Cull or Keep?: Keep!



John Dunbar (the mod of maple) said:

Richard Willis said:

John Dunbar (the mod of maple) said:

JS: ....so we did the thing and it turned out they had all these pajamas and lunchboxes with Robin’s pictures on it, so within a couple months I was out of DC because I screwed up their merchandising department.

It may have been tongue in cheek on Starlin's part, but wouldn't they be mad at Denny because he was the editor?

Starlin has stated in various interviews that O'Neill took all the credit for everything (Denny came up with the idea of the telephone poll), until there was blowback from the merchandising department for killing off Robin, then Denny threw Starlin to the wolves, saying it was all Starlin's idea.  Starlin did one issue of Batman after Death of the Family before being fired off the title.

If true that just seems silly. You can still merchandise of a dead character. Elvis has been dead for decades, and his stuff still sells.

Travis Herrick (Modular Mod) said:

If true that just seems silly. You can still merchandise of a dead character. Elvis has been dead for decades, and his stuff still sells.

I agree. How many people, let alone the target market of little kids, would even know Jason Todd was killed? How many even heard of Jason Todd? I don't remember any mainstream news about Robin dying. I think most of the public, even today, thinks he's Dick Grayson. Sounds like the marketing people still thought young kids read comics.

A lot of people still think Elvis is alive.

I thought this was a classy collection beautifully paced and drawn.

Grown up comics.

The Baron said:

Last night I read Avengers Disassembled: Thor, by Michael Avon Oeming with Daniel Berman and Andrea DiVito. This reprints Thor #80-85, and tells the story of Ragnarok, and of Thor attmepting to break the cycle that the gods find themselves trapped in.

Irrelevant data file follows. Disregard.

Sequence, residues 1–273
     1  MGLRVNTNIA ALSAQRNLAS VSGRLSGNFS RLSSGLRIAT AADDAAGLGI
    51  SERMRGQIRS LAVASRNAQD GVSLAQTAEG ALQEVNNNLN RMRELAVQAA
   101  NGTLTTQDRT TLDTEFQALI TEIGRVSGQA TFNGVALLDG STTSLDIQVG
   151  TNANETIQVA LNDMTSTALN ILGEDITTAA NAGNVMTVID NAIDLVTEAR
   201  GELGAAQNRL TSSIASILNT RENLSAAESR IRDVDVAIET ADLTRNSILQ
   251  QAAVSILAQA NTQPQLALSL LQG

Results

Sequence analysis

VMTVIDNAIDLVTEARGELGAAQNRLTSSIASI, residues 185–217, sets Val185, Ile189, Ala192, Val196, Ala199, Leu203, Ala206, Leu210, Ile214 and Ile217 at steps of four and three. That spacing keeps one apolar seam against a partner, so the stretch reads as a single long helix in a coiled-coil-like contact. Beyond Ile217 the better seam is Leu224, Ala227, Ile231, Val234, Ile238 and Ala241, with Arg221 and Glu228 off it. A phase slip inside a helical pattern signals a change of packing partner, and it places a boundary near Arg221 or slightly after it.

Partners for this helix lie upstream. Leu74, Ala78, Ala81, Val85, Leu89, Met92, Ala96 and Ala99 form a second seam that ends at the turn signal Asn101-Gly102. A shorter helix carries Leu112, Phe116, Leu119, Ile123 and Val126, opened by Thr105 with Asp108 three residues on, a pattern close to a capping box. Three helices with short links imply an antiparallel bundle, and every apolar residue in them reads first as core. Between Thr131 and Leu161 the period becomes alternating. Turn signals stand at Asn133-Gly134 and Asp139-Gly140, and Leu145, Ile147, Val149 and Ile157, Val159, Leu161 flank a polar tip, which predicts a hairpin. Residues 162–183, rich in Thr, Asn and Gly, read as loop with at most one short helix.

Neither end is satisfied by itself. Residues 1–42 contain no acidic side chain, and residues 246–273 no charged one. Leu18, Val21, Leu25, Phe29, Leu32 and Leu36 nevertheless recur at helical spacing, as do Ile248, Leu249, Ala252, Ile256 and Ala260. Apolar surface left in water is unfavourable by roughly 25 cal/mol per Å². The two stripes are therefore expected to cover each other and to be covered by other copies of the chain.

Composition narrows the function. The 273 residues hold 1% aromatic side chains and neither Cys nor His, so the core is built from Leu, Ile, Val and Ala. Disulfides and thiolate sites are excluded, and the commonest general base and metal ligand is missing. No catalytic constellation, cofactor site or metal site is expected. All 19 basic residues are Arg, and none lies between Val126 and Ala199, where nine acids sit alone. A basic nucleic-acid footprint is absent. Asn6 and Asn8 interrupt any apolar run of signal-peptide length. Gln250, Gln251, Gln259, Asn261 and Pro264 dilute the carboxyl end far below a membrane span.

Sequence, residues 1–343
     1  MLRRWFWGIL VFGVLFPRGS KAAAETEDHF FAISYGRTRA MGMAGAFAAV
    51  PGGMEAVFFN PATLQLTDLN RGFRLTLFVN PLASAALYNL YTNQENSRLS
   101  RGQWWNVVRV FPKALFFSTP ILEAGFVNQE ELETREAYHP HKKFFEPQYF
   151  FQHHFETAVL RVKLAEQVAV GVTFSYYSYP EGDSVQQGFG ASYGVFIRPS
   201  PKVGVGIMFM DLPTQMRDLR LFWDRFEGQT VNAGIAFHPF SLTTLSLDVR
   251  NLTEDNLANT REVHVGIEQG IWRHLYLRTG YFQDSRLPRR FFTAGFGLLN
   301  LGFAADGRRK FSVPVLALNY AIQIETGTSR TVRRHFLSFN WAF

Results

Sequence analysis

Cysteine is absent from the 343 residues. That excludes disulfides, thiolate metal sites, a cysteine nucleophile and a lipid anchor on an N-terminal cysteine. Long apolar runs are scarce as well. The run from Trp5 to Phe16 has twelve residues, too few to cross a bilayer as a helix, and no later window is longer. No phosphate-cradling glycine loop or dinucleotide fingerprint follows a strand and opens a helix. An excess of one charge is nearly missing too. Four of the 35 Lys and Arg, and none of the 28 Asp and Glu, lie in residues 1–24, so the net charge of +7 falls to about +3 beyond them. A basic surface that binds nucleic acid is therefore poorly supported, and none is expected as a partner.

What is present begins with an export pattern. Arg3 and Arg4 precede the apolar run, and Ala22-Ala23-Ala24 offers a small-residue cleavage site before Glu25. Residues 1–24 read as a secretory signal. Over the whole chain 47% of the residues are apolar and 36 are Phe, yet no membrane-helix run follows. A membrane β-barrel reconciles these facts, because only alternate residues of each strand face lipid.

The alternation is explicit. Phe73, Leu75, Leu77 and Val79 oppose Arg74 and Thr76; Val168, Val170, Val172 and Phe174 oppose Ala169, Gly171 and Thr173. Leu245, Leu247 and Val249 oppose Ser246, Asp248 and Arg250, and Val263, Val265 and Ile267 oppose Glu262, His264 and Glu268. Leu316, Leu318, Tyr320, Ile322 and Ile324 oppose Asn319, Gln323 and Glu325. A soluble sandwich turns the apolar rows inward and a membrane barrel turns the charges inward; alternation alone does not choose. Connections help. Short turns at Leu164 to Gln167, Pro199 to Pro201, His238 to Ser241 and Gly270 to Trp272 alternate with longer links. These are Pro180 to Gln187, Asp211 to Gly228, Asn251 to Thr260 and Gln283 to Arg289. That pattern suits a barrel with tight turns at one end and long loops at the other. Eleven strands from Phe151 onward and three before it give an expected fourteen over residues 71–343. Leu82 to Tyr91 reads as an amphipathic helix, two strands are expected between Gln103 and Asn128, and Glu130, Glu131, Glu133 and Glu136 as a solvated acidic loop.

This is very good stuff, with a real "epic" quality to it. I especially like the way the friendship between Thor, Cap and Iron Man is portrayed. That's the sort of stuff that is Marvel at it best. The art is really quite good, and really suits the story.

 

Cull or Keep?: Keep!

Richard Willis said:

I don't remember any mainstream news about Robin dying.


I saw an item. It was a report from an American TV show. It said fans saw Robin as a brat, and used the cover of Batman #424 (in which Robin possibly commits murder).

Next up was Squadron Supreme,by Mark Gruenwald, with art by John Buscema, Bob Hall, Paul Ryan, Paul Neary, Sam De La Rosa, John Beatty, Keith Williams, Jackson Guice and Dennis Janke.

 

This collection includes Squadron Supreme #1-12 and Captain America #314. I daresay most people here are familiar with this one - if you aren't, you should give it a read.  I give Gruenwald credit, he took characters that were thinly-veiled JLA pastiches and made them interesting characters in their own rights, having them do things and go places that the originals couldn't have done and gone. The art is a little uneven, but never too bad.  Good stuff!

 

Cull or Keep?: Keep!